Mr Magnolia met the literacy hour: did he survive?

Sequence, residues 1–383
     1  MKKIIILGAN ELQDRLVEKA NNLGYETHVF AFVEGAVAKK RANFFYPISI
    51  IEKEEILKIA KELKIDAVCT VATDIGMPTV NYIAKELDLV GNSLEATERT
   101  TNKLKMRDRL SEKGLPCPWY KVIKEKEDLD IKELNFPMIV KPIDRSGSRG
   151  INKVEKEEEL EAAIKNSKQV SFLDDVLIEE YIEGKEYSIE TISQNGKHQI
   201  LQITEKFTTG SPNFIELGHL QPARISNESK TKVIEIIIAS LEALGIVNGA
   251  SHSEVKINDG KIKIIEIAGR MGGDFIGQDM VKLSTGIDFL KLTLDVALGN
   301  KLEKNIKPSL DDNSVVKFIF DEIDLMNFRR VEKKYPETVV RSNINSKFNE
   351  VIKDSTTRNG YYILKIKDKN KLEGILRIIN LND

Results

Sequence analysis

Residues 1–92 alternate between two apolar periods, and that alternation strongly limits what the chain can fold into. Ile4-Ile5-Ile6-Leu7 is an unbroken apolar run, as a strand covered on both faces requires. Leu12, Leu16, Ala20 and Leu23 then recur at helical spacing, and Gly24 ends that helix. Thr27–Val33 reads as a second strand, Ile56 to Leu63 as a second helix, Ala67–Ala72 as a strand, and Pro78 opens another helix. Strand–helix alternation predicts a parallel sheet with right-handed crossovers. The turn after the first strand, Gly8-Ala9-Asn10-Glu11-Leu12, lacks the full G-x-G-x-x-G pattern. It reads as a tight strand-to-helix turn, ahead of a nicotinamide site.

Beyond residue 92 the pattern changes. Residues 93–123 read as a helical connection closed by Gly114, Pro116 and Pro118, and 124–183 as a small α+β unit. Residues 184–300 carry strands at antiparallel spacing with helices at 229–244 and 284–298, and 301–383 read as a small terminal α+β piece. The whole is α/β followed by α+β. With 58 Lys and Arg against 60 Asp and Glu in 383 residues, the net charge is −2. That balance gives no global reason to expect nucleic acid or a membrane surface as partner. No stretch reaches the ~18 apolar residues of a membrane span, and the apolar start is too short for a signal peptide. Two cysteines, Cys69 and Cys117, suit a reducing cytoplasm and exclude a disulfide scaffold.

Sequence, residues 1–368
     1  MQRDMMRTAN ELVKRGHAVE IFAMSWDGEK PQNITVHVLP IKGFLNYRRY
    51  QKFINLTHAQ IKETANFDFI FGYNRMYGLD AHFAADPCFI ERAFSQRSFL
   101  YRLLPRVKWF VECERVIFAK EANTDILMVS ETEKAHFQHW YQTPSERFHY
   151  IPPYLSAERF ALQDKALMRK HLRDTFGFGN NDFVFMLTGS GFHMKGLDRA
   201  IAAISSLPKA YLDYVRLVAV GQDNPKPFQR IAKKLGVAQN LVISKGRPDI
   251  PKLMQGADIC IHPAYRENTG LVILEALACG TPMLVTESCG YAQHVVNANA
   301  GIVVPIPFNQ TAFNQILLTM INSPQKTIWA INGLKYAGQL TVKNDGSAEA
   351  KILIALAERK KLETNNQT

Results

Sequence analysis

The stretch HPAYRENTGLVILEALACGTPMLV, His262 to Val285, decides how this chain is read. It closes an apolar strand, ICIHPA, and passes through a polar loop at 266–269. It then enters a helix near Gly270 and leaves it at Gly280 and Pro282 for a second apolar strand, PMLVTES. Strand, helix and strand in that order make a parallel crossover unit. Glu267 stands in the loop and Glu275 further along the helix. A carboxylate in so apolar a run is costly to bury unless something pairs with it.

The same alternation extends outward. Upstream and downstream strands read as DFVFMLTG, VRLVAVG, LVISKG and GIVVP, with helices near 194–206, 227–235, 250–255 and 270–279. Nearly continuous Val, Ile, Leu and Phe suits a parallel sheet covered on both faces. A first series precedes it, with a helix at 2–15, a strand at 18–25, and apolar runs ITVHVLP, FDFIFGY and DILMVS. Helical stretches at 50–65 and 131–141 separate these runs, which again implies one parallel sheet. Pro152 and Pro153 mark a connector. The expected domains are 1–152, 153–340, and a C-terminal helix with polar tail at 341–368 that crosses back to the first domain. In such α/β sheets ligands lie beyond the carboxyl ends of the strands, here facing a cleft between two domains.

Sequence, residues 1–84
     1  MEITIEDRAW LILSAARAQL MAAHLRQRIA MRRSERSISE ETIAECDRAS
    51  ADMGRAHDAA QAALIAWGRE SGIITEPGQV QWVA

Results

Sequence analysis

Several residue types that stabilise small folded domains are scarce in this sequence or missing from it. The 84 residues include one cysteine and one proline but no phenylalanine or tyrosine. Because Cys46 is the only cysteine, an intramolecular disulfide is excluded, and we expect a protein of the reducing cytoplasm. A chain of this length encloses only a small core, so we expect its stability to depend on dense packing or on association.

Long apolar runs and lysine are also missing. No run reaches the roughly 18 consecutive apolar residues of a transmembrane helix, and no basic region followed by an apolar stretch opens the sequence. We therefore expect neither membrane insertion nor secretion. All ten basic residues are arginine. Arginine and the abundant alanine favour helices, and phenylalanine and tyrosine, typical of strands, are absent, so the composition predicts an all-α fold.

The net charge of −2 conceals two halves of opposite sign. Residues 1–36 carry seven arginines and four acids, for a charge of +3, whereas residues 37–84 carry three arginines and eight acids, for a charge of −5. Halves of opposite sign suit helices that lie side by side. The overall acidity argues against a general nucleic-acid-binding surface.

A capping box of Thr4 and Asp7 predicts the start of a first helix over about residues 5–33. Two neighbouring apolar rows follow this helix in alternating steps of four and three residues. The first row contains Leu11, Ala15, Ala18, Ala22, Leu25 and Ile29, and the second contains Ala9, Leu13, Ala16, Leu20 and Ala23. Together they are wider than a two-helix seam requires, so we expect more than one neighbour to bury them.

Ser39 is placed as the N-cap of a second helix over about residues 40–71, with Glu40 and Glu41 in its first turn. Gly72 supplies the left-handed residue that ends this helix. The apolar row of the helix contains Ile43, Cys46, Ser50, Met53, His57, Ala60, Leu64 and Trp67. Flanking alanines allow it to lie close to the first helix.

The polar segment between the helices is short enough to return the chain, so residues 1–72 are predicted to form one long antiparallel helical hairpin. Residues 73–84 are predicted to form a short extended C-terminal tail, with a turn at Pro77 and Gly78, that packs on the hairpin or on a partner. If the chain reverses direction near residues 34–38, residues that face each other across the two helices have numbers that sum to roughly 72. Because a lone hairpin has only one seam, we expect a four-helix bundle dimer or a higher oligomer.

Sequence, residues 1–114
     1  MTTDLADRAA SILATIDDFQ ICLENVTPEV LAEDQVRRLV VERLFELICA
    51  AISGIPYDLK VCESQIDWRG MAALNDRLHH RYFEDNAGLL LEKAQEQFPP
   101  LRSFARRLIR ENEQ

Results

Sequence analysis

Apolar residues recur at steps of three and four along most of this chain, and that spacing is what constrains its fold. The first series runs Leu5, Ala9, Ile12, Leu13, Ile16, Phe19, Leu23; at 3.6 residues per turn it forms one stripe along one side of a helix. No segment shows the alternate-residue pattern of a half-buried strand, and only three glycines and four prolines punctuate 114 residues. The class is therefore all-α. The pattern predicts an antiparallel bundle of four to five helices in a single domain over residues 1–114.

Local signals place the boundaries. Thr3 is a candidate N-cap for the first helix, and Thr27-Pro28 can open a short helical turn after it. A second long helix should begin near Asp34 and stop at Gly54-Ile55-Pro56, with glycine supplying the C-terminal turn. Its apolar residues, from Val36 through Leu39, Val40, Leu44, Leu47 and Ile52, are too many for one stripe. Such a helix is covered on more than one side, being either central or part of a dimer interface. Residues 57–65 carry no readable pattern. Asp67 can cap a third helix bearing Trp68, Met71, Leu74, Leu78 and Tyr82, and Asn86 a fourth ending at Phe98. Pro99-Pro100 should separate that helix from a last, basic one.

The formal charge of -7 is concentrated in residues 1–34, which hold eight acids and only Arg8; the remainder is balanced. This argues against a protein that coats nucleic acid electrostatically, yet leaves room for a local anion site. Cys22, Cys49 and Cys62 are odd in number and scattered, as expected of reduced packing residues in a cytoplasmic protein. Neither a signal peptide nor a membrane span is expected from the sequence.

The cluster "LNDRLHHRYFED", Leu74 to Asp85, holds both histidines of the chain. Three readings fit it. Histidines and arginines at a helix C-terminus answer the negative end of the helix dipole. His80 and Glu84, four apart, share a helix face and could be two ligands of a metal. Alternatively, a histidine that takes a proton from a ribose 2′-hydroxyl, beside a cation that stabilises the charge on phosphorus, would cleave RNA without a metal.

In the chapter I wrote for the first edition of The Literate Classroom (Graham in Goodwin, 1999), I debated whether children’s books would survive the ‘stop and analyse’ approaches advocated by the NLS (National Literacy Strategy). I came to the conclusion that, on the whole, certain books might just survive. I suggested that books that involved a focus on language for its own sake (such as Quentin Blake’s Mr Magnolia which has a joyous text woven round two dozen or so rhymes for the word ‘boot’) might not be too adversely affected but I voiced concern for books where more serious involvement with the story develops. Well, the years have passed and my sad conclusion is that the literacy hour was about many things but it was not about enjoying a story and thus it was not about making readers. Not even Mr Magnolia survives the dissecting that the literacy hour subjects him to and there is no great likelihood that children will remember their experience of the book with any pleasure. The only way that the integrity of books is respected in the classroom is if the teacher retains story-time, that is, a period when children are taken, without let or hindrance, by a fluent reader (or story-teller), into the secondary world of the book.